WASHINGTON — Commercial banks’ income from derivatives contracts dropped by about 2%, to $2.7 billion, in the fourth quarter, the Office of the Comptroller of the Currency reported on Friday.

The majority of contracts, 81%, were interest-rate contracts, said Michael L. Brosnan, the agency’s deputy comptroller for risk evaluation.

The notional amount of derivatives in insured commercial bank portfolios increased by $2.2 trillion in the fourth quarter of 2000, to a record high of $40.5 trillion.

The notional, or total, amount of interest rate contracts increased the most, by $2.1 trillion, to $32.9 trillion.

“The sudden decline in interest rates during the fourth quarter was a key contributor to the sharp growth in derivatives contracts,” Mr. Brosnan said. “In such environments, customers of dealer banks are more inclined to use derivatives contracts as they manage their financial positions — particularly in reducing their firm’s risk to uncertain markets.”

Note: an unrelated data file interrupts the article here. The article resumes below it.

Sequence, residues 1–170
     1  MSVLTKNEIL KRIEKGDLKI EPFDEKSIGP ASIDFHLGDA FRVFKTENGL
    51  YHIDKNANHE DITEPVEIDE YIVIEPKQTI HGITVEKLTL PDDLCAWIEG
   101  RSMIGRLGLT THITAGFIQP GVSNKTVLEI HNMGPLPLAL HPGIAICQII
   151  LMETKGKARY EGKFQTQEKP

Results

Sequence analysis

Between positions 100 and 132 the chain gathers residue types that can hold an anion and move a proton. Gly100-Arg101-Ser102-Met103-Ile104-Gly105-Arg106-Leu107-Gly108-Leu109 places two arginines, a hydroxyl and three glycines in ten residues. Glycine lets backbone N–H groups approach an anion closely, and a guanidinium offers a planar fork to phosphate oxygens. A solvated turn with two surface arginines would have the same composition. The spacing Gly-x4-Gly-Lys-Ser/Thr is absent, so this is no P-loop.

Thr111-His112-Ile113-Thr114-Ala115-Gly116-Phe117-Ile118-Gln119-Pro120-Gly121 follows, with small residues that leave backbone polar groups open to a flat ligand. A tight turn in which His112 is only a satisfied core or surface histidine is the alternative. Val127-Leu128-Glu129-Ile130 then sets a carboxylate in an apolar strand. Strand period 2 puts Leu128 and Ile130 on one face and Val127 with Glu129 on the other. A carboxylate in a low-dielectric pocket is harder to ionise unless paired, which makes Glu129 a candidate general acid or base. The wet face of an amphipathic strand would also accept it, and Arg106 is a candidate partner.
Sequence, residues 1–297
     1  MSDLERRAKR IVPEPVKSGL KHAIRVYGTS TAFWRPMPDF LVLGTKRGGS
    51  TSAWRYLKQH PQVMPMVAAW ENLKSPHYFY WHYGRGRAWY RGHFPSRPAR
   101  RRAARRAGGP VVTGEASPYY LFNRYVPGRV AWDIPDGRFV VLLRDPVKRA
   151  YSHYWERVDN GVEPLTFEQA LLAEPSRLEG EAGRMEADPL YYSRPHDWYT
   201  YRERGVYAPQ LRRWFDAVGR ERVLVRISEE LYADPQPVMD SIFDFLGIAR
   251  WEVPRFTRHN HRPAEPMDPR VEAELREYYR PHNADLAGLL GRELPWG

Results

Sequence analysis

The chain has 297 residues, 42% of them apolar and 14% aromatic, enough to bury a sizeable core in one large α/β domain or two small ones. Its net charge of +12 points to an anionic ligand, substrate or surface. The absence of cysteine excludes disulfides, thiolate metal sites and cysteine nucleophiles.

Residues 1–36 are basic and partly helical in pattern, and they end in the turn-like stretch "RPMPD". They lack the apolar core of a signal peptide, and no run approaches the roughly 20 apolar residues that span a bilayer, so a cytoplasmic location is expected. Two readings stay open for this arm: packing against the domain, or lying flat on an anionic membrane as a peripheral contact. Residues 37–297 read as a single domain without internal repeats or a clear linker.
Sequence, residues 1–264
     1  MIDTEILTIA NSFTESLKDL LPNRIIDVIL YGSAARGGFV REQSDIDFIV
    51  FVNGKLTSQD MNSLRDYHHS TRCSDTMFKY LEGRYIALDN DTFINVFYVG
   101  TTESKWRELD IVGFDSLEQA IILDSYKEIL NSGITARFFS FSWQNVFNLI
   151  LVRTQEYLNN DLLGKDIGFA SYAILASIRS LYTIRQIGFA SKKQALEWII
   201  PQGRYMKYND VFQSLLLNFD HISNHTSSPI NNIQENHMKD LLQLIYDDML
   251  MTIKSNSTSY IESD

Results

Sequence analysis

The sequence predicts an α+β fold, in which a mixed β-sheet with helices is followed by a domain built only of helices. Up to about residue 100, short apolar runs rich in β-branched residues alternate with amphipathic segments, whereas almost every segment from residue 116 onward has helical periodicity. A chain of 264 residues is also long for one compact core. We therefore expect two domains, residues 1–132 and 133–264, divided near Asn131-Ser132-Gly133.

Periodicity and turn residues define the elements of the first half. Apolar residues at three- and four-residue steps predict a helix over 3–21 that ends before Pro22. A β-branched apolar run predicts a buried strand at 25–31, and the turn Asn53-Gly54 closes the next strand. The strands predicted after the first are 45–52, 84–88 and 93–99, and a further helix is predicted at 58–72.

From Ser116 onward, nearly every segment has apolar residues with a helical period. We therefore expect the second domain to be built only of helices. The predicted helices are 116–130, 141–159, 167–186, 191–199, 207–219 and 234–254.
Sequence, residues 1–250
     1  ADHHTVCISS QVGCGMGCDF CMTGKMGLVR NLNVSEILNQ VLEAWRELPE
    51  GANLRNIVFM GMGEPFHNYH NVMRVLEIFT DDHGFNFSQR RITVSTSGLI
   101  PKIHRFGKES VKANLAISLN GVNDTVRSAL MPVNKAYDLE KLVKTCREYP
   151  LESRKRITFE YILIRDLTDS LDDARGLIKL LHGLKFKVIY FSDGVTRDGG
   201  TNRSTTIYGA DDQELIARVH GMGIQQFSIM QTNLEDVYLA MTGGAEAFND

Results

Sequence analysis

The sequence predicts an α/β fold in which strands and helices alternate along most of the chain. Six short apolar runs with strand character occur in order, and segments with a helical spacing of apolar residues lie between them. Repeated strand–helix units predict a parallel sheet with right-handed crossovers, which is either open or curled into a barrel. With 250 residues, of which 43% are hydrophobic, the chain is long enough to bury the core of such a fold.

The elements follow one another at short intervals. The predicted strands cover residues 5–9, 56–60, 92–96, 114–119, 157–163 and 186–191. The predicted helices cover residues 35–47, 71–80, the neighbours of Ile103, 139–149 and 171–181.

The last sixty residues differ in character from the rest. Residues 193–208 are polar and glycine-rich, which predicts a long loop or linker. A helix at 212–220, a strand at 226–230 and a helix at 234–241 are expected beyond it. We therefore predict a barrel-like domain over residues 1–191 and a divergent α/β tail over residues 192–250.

Foreign exchange contracts rose $66 billion, to $6.1 trillion, or 15% of overall contracts.

The top seven banks accounted for 83% of total trading revenue, up 1% from the third quarter.

Citibank was the top earner, making $813 million from a notional base of $5 trillion. Morgan Guaranty Trust Co. came in second, with earnings of $608 million from a $9 trillion base.

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